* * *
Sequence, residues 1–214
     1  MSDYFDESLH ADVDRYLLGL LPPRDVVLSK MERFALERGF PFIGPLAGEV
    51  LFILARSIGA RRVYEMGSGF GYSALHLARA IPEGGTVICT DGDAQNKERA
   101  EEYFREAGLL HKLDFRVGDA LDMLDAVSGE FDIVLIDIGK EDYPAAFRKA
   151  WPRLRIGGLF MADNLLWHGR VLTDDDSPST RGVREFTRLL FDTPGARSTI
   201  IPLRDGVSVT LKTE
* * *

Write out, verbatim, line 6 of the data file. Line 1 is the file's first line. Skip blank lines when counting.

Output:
   201  IPLRDGVSVT LKTE